Republican Congressman: We Must Stand Behind Our Friend, The Dictator Mubarak
Michigan Congressman Thaddeus McCotter has what I think must be the most unique, albeit mistaken, take on the crisis in Egypt:
America must stand with her ally Egypt to preserve an imperfect government capable of reform; and prevent a tyrranical government capable of harm.
For if Egypt is radicalized, all of the reforms sought by the Egyptian people and supported by the United States with them – including consensual and constitutional government; free elections; open and unbridled media; and Egyptian control of their natural resources – will be lost. Nascent democratic movements in the region will be co-opted and radicalized. The world’s free and open access to the Suez Canal’s vital commercial shipping lanes will be choked. And the Sinai Accord between Egypt and Israel – which must be protected as the foundation and principal example for Mideast peace – will be shredded.
Though many will be tempted to superficially interpret the Egyptian demonstrations as an uprising for populist democracy, they must recall how such similar initial views of the 1979 Iranian Revolution were belied by the mullahs’ radical jackbooted murderers, who remain bent upon grasping regional hegemony and nuclear weaponry…
This is not a nostalgic “anti-colonial uprising” from within, of all places, the land of Nassar. Right now, freedom’s radicalized enemies are subverting Egypt and other our allies.
I guess I’ve got two questions from Congressman McCotter, and those who would agree with him.
First, what evidence is there that the Mubarak regime is at all “capable of reform” ?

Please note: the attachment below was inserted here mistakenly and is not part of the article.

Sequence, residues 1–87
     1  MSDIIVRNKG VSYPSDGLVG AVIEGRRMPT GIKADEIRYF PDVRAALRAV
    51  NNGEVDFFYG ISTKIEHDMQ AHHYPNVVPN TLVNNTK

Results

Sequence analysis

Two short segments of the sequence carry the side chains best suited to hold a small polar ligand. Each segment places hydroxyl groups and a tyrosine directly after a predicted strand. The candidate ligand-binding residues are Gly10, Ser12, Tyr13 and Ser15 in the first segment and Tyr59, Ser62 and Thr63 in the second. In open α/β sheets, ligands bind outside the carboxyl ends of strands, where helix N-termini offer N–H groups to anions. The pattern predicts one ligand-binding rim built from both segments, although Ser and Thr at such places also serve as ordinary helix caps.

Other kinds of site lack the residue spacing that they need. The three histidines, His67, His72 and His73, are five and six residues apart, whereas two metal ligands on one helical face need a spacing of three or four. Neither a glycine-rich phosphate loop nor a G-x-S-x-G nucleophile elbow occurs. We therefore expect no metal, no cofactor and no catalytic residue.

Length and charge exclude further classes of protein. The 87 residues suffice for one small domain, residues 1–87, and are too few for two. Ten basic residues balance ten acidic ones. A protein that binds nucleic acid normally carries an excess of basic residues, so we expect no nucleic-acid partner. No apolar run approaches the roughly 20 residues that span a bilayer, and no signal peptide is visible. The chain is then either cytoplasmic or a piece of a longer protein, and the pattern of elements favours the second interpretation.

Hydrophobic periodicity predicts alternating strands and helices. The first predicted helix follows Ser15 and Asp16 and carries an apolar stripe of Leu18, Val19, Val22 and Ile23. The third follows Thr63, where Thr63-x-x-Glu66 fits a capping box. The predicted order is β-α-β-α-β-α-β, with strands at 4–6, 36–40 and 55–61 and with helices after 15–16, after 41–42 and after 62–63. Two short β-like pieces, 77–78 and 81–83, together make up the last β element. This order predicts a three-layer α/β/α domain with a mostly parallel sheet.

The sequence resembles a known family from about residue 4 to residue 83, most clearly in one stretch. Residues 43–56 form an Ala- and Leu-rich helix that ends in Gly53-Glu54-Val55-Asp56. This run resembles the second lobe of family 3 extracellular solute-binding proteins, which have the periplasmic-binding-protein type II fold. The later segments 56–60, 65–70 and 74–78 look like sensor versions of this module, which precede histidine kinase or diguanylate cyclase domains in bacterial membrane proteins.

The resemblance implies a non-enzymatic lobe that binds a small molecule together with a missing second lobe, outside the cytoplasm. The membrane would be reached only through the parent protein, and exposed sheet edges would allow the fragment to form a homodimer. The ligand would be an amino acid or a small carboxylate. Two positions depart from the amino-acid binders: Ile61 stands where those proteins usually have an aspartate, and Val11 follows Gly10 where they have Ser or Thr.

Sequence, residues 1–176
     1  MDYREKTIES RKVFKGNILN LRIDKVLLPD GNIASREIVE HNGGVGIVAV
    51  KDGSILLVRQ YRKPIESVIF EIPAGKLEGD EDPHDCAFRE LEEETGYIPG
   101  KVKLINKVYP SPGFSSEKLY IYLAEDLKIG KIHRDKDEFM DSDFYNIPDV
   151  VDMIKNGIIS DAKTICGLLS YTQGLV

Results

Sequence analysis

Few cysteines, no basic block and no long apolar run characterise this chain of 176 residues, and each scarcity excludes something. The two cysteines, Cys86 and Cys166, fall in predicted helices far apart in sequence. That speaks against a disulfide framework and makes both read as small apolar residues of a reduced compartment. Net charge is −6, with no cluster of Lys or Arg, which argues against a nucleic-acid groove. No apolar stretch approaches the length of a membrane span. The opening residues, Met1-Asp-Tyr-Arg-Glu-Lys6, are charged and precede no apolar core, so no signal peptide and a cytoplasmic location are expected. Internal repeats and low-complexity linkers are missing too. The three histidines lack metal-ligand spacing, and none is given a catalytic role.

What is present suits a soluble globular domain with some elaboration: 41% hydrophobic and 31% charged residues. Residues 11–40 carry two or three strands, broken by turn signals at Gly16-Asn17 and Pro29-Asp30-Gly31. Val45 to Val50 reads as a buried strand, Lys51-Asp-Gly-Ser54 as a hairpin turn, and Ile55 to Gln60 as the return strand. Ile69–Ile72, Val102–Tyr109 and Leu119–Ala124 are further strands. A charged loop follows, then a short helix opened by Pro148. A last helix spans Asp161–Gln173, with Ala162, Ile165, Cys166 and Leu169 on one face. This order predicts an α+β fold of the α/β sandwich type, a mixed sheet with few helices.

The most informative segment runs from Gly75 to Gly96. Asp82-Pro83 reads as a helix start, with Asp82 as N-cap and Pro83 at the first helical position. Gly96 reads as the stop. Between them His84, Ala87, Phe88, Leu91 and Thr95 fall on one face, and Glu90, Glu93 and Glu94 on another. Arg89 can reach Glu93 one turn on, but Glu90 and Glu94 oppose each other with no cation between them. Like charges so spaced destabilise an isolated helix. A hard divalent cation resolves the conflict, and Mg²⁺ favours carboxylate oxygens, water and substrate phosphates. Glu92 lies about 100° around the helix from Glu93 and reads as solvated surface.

This is a man who has held an iron grip on power for thirty years — to the point where, up until today, Egypt didn’t even have a clear line of succession to the Presidency from the day Anwar Sadat was assassinated until the first Vice President in 30 years was appointed today? Political opponents, not just limited to the Muslim Brotherhood, are regularly imprisoned. Blogger critical of the government have been imprisoned and tortured. And, until these protests started, Mubarak was ready to follow in the footsteps of men like Hafez el-Assad and Kim Jong-il and turn his country into a hereditary dictatorship. Throughout this time, the United States has shown little inclination to chide Mubarak about conditions inside his country and, as his actions in the hours since President Obama spoke have shown, Mubarak doesn’t seem inclined to listen to them now.
Second, how exactly does McCotter (or anyone else for that matter) know what the motivations of the protesters on the streets of Egypt actually are?
Clearly, there is reason to worry that a power vacuum in Egypt could bring the Muslim Brotherhood, or those sympathetic to them, to power. However, its been apparent over the past four days that these protests are not primarily motivated by that group, and there have been scattered reports of protesters drowning out the shoots of MB sympathizers at rallies. This is why caution is called for. Neither an immediate call for Mubarak’s ouster nor a total rejection of the protesters as McCotter advocates are the right course of action. Most importantly, we don’t want to make the same mistakes we did in Iran and become associated with the minds of the public with a repressive and hated regime. Although, admittedly, it may be too late for that.
Throwing Mubarak under the bus isn’t advisable at this point, simply because we don’t know where things are headed from here. At the same time, rejecting the protests in the way that McCotter does strikes me as incredibly short-sighted.